Who wants poverty? Quinn seeks gain from wage plan
But increased minimum wage has drawbacks
Illinois’ unemployment rate is 8.7 percent, one of the highest in the 50 states. Apparently not happy with that, Gov. Pat Quinn is doing what he can to make employment even harder to obtain for those people at the low end of the economic scale.
Quinn announced last week that he wants to increase the state’s minimum wage from $8.25 to $10 an hour.
Economics aside, it’s the smart move. This is an issue driven not by rational discussion but by emotion.
“No one should work 40 hours a week and live in poverty,” said Quinn.
That’s an argument that packs a punch. Who wants others to live in poverty? Not us, say the people of Illinois.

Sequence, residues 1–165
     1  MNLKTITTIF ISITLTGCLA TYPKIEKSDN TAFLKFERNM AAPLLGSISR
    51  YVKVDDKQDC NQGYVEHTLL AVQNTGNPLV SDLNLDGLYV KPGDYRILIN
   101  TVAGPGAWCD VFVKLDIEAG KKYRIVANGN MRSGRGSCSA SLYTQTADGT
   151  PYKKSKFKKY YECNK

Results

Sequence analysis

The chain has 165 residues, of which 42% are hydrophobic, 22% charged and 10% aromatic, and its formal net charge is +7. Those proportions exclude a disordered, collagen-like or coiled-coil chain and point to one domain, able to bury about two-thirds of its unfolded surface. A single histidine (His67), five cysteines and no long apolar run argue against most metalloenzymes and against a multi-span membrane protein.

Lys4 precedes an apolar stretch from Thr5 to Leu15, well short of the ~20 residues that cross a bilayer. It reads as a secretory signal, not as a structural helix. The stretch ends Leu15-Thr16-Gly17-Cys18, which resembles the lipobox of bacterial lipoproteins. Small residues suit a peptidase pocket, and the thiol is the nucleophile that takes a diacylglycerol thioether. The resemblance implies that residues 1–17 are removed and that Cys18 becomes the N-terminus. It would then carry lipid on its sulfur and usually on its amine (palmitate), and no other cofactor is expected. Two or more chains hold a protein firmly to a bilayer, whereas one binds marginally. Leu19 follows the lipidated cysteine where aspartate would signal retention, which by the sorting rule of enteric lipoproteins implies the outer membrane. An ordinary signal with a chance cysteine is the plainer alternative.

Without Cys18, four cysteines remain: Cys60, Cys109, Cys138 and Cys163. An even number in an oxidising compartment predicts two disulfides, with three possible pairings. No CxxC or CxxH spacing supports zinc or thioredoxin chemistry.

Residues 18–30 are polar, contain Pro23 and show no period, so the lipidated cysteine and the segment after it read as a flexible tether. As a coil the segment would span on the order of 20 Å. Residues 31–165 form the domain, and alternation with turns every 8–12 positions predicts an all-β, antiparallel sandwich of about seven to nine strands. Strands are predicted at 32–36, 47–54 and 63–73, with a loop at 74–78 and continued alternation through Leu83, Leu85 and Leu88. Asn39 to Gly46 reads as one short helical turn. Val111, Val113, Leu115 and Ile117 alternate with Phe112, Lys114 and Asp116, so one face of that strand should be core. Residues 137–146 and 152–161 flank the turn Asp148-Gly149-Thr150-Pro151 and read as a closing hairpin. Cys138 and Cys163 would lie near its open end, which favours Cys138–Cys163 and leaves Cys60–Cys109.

The counter-arguments are far more technical and do not pull on people’s heartstrings.
But it’s a fact that some employers, staggering under the burden of a sour economy, will have to lay off some employees to pay others more.
It’s a fact that higher payroll costs provide greater incentives for larger employers of lower-wage employees, like fast food chains, to invest in labor-saving devices.
It’s a fact that many minimum-wage workers have few job skills and need the work experience to help them move up the economic ladder.
It’s a fact that many minimum-wage jobs are filled by upper- and middle-class teens who use the cash for spending money.
But it’s also a fact that embracing a higher minimum wage allows Quinn to play Santa Claus – at others’ expense.
It’s no coincidence a gubernatorial election is just around the corner. The governor needs sound bites to demonstrate his compassion. He needs an issue to castigate those who disagree.
He needs the minimum wage issue far more than Illinois needs a hike in the minimum wage.